Thursday night was the culmination of months of effort for the Rhode Island Democratic Party’s Women’s Caucus. Our four co-chairs during the formation of the Caucus have been elected officials; we’re in the process of creating our first executive board made up of Rhode Island Democratic women. After months of preparation, last night, 14 members of the Caucus’ nominating committee were meeting with 24 women from around the state who were interested in serving on that executive board.
So let’s be clear — 11 days before Christmas, on a Thursday night, 14 Rhode Island women were at party headquarters to sit through four hours of interviews, and then deliberate about their choices for nomination to the executive board. On a bitterly cold evening in a snowstorm, 24 more women were traveling from around the state on bad roads to do a late-night interview for a position. I have two kids under 6, and I had moved my and my husband’s schedules around so I could be away and out late. Many of the other 37 women had done some version of the same.
While we were conducting our interviews, the executive director let us know that one of his staffers would need to sit in on succeeding interviews. He said the “integrity of our process” had been called into question.
There were two Senators in the room. There is absolutely no way that if there had been two male Senators in the room, the director would have come in and questioned the integrity of the interview process. It’s unimaginable.
We disagreed. Our process had been in place for months. We had promised each of our candidates confidentiality in their discussions with us. Even other members of the Women’s Caucus were not permitted to sit in on the interviews.
Can we please ask a favor?
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So, the fourteen of us — unanimously — told him, “no.”
And he then kicked us out into the cold.
He told us that if we wouldn’t permit one of his staff to sit in, we had to leave. The denial (in the Providence Journal piece) that this happened is absolutely incorrect. It wasn’t implied, it wasn’t hinted at — it was absolutely, explicitly stated, in a room with 15 people in it.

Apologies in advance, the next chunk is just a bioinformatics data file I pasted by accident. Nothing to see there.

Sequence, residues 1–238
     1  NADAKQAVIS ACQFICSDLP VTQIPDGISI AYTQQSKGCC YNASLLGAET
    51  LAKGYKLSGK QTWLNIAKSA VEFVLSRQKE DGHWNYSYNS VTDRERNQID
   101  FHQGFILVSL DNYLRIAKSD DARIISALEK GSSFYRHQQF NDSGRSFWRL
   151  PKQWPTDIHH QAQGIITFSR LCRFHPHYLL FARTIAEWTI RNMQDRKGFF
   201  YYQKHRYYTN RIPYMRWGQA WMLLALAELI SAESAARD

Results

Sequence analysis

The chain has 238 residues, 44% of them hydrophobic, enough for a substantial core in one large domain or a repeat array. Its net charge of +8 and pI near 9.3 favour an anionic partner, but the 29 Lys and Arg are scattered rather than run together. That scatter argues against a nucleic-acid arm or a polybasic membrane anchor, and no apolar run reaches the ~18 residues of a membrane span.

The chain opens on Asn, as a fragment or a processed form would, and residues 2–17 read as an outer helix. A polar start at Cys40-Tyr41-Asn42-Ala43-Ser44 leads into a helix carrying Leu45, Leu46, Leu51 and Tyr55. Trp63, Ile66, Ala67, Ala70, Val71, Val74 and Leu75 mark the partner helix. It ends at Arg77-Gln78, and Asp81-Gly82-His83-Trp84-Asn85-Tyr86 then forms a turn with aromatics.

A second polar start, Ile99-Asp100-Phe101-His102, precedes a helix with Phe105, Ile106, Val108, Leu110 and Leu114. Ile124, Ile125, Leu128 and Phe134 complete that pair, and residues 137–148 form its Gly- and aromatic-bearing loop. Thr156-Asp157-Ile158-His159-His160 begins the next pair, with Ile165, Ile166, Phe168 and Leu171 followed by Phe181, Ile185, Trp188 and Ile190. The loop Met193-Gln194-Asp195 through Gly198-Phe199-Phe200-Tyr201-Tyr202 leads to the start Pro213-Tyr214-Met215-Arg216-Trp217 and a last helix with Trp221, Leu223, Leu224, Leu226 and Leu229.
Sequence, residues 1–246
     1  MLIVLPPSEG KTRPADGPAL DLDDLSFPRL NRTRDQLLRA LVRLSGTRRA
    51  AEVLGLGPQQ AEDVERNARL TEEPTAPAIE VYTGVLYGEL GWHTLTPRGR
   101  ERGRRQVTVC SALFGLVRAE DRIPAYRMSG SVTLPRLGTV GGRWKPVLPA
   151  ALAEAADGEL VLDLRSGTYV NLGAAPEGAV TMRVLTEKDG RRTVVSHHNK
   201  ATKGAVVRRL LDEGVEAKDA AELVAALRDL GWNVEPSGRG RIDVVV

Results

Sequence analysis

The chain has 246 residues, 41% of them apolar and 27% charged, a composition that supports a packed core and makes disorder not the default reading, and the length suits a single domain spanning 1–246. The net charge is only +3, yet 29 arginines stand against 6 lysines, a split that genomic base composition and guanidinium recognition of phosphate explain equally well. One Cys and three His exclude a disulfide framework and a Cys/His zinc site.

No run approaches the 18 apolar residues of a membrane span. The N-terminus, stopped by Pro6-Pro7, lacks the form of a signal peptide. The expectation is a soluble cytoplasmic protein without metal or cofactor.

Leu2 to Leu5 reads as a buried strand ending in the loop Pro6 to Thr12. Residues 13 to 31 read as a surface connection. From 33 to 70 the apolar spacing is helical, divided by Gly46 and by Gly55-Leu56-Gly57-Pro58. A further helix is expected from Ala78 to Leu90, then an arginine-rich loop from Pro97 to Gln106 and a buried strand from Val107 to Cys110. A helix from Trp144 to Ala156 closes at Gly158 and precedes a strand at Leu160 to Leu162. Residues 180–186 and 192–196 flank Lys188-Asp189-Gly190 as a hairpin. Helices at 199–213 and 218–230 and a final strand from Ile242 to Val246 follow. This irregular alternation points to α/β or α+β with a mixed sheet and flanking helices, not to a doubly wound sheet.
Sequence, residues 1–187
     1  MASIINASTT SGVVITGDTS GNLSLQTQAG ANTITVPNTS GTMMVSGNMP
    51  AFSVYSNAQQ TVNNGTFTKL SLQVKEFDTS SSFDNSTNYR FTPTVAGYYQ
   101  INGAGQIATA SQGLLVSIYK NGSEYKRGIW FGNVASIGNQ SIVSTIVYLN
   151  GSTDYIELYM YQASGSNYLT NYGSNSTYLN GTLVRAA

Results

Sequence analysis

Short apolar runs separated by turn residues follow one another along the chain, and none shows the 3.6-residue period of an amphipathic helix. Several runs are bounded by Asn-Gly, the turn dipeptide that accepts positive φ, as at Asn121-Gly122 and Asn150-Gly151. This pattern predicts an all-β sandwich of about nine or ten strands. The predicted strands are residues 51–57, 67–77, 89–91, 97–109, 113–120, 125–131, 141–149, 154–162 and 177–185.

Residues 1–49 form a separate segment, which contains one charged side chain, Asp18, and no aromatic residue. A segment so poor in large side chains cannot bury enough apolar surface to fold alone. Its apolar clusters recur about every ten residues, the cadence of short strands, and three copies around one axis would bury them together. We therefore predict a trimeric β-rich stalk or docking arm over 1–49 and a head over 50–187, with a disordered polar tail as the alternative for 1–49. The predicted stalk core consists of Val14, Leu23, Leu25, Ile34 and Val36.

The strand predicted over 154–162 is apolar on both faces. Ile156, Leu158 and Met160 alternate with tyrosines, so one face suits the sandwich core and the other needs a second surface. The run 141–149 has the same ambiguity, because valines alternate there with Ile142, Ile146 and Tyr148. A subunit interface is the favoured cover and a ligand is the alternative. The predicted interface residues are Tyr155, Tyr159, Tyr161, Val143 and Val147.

So the fourteen of us, unanimously, agreed to leave. We had work to do. We decamped to a nearby sports bar. It’s obviously ironic that a group of female Democratic leaders was more welcome at a sports bar than even at our own party’s headquarters.
Here we are, the Women’s Caucus nominating committee, at Arooga’s doing interviews for the executive board after getting kicked out of the Democratic Party Headquarters. pic.twitter.com/lnq7eBo2x6
— Jennifer Siciliano (@jmsiciliano) December 15, 2017
But the director’s retribution didn’t end there. Next, his staffer — knowing we had agreed to move the interviews — contacted all of our upcoming interviews and told them they were canceled. When one contacted us, two of our committee withdrew from the interviews and phone-banked the rest of the candidates, telling them their interviews were still on, but had been moved. All but one came — one woman from Bristol had already gotten back home before our phone bankers reached her. We couldn’t contact the two interviews we were doing via videoconference because we didn’t have access to the equipment anymore. Nevertheless, we persisted. We got almost all of our work done. That’s what women do. We work around the obstacles in our paths and find a way.
The director’s retribution didn’t even end there. The party has now revoked access to all our written (online) materials about the candidates. The party controls those now, and that makes it impossible to enforce the promises the Caucus made to the candidates about confidentiality.
It’s vindictive. A political party is taking vindictive, punitive action against its women because we wouldn’t yield.
What a way to wind up 2017. With all that’s happening with women’s activism around the country — the largest political demonstration in American history in January, unprecedented numbers of women running for office — our Rhode Island Democratic Party still thinks it’s the 1950s. Even after women let the party know that we wouldn’t stand for Joe DeLorenzo being in a position of leadership — and, by the way, the Party never took a stand on whether DeLorenzo should go or not — the Party still apparently has not learned to treat its female members and leaders with the respect they have earned.
Things are harder for women in politics. It’s still a male-dominated area. Fourteen women giving up their Thursday evening were outvoted by one guy and sent into the freezing cold, ending up in another male-dominated space — a sports bar — to continue working on our mission of building more female leadership.
But we know how to work hard.
But we will not accept being treated as second-class members of our Party. Over half the votes that elect Democratic officeholders come from women. We’d rather be fighting the Trump agenda. We want a Party where we’re fairly represented — where women have an equal seat at the table, and good men and women work together to advance the Democratic Party’s values — providing safe access to abortion, making sure every child can receive a good education, making sure all Americans have access to affordable, quality health care. Lots of men and women share those values. We shouldn’t have to fight for an equal seat at the table in our own Party. But if we must, we will.